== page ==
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Forget the Hearts and Chocolates; February is for Pruning!

While romantics look to mid-February as a time to impress their favorite Valentine with chocolates and flowers, experienced gardeners know now is time to show their plants love through careful pruning! In a recent blog, Kerrie Roach discussed fruit tree pruning. Here, I will concentrate on ornamental landscape plants. While it is time to prune many plants, as usual, there is an exception to the rule. Do not prune plants that flower from late winter to mid-May, such as azalea, forsythia, and weigela, in winter. Gardenias also fall into this category but don’t bloom until June. Pruning now removes flower blooms resulting in a sparse spring floral display. Wait until after these plants complete flowering this spring to prune. For an extensive list of the optimal pruning times for individual plants, visit HGIC 1053 Pruning Shrubs.

Pruning is a job requiring deliberation. First, consider whether there is a need to prune. Unfortunately, late winter is abundant with examples of pruned plants that do not need pruning. One of the best examples is poor ol’ crape myrtle. Crape myrtle is a beautiful tree when left to grow to its full potential, as shown in the photo below.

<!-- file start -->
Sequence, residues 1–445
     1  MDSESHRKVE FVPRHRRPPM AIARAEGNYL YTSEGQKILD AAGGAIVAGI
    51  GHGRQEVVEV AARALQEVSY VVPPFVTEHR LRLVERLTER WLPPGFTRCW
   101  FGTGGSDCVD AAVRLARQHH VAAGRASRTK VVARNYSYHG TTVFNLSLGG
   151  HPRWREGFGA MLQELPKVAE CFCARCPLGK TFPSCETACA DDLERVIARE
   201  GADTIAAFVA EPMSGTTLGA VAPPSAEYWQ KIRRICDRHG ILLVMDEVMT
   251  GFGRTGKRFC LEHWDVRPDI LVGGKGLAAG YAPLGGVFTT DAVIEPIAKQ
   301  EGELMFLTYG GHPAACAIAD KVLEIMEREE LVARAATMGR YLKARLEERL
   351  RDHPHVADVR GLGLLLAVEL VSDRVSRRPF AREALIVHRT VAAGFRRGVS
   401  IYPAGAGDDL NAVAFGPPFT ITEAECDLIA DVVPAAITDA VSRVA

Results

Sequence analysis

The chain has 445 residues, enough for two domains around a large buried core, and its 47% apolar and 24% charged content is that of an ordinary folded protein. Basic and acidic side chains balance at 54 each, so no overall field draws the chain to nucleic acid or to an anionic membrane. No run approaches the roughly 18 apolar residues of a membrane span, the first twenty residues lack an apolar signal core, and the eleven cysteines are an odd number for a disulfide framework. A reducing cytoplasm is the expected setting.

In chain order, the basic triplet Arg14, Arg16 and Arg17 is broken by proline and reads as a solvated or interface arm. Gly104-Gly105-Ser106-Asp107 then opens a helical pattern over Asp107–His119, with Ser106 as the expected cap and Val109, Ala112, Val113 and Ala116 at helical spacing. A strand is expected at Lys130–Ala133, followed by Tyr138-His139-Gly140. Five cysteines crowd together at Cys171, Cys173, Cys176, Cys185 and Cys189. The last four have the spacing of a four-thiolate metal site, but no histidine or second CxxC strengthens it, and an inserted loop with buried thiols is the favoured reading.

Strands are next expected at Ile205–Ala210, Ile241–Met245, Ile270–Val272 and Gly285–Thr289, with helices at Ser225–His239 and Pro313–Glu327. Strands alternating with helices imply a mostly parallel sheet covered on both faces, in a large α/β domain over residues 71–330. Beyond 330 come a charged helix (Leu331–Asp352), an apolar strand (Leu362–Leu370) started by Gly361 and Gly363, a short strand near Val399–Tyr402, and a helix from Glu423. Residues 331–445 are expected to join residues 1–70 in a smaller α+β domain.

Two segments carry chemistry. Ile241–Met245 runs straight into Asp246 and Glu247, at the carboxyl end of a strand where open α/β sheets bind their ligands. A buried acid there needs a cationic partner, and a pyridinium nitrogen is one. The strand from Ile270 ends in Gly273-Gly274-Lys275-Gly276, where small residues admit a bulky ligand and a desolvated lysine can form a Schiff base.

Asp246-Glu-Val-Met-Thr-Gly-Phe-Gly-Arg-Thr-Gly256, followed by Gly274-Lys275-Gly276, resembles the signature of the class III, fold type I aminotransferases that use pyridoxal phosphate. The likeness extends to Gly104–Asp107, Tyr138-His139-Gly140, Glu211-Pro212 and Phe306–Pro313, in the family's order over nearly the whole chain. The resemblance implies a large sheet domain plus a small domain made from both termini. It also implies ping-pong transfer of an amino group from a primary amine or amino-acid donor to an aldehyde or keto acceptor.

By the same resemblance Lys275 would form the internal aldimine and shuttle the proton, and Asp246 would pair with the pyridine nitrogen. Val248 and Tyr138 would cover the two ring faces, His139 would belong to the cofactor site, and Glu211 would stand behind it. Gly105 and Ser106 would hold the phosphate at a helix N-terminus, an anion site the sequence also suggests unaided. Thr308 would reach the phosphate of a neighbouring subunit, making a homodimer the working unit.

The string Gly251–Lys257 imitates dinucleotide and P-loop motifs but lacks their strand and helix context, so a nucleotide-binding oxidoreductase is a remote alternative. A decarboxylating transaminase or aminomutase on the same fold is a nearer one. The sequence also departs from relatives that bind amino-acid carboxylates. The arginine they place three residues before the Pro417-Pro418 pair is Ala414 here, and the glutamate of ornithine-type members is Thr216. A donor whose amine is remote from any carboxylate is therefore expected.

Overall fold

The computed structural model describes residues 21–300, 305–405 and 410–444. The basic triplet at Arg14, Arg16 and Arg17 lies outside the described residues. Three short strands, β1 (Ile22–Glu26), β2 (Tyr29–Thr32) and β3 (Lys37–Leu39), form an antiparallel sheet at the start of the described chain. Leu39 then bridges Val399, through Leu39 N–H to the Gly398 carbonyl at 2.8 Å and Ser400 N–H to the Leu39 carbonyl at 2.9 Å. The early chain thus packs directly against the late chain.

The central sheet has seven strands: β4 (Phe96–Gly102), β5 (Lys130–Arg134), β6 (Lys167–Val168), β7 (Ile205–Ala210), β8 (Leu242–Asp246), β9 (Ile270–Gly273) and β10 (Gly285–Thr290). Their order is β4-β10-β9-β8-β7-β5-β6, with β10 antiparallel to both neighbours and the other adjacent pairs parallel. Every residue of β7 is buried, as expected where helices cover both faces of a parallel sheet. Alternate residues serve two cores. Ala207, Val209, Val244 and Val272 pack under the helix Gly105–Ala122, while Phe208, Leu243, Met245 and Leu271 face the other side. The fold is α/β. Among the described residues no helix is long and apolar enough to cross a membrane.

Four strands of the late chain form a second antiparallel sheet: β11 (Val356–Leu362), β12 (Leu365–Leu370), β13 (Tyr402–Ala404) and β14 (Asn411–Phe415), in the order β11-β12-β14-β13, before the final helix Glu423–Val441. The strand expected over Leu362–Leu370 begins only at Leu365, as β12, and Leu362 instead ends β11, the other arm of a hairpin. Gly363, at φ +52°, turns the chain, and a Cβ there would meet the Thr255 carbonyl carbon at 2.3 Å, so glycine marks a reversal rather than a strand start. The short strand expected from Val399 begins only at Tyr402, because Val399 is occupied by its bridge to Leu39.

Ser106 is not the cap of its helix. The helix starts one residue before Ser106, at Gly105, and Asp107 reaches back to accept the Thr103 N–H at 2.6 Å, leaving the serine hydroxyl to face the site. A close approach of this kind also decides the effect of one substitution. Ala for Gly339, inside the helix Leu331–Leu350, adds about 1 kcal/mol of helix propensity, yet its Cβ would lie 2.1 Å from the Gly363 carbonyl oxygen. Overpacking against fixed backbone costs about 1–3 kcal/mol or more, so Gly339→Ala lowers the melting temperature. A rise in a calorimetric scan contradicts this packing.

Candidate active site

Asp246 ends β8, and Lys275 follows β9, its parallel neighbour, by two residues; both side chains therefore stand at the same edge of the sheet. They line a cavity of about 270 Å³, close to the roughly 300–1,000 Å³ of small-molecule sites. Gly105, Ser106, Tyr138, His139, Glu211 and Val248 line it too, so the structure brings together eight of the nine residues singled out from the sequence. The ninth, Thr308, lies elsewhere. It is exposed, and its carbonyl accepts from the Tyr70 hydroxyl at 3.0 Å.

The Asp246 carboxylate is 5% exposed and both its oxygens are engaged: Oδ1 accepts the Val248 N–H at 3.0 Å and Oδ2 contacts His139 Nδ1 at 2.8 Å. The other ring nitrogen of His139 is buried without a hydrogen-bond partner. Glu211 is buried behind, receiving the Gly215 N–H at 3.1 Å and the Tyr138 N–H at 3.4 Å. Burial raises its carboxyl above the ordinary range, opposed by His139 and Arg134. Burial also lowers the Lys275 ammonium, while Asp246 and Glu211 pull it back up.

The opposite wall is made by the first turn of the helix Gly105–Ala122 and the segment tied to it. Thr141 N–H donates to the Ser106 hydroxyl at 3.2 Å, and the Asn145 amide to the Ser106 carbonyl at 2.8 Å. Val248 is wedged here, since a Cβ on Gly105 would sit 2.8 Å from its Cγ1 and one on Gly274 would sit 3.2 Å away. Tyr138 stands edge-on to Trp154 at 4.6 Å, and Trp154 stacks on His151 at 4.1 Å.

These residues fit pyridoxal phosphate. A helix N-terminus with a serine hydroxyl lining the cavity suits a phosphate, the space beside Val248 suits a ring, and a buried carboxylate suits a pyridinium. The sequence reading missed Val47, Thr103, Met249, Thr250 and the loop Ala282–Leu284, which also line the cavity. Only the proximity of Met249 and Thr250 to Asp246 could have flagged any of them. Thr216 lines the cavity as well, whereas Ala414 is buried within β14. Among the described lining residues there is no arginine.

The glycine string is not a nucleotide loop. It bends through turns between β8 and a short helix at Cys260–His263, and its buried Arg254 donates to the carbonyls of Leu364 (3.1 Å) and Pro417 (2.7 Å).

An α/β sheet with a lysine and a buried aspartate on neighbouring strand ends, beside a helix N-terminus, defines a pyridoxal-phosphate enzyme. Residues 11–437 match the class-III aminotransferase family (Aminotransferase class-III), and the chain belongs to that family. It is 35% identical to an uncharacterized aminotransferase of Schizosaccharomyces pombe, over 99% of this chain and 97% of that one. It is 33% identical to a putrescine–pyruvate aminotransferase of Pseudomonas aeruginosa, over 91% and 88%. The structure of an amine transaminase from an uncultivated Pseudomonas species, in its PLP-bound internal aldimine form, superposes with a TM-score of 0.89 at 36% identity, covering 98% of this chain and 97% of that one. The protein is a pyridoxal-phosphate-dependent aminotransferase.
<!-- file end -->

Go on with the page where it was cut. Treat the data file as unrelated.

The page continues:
These mature crape myrtles, one to the left and two to the right, have never been pruned, allowing them to reach their stunningly beautiful natural form. N. Jordan Franklin, ©2021 HGIC, Clemson Extension

These mature crape myrtles, one to the left and two to the right, have never been pruned, allowing them to reach their stunningly beautiful natural form.
N. Jordan Franklin, ©2021 HGIC, Clemson Extension

Sadly, crape myrtles are often indiscriminately topped by well-meaning gardeners and landscapers who think it is appropriate because it is late winter. Topping a tree is never a good idea, no matter the species. For more information about pruning crape myrtle, visit HGIC 1009 Crape Myrtle Pruning.

Topping crape myrtle is unnecessary and leads to unattractive and unhealthy plants. Vicky Bertagnolli ©2021 HGIC, Clemson Extension

Topping crape myrtle is unnecessary and leads to unattractive and unhealthy plants.
Vicky Bertagnolli ©2021 HGIC, Clemson Extension

When deciding whether pruning is needed, pause to consider the plant’s overall form and health. Start by removing dead, damaged, and diseased plant parts, which can and should be done any time of the year to improve plant health. Next, examine the plant for crossing branches that rub against each other. Branches rubbing together can damage each other, so prune out crossing branches. When a plant interior is crowded, restricting adequate airflow, remove older stems to open the plant canopy and rejuvenate growth. Often, after these pruning tasks are complete, no other pruning is necessary.

For more information about pruning tools, timing, and technique, visit The Art and Science of Pruning and HGIC 1003 Principles & Practices for Pruning Trees.

If this document didn’t answer your questions, please contact HGIC at hgic@clemson.edu or 1-888-656-9988.

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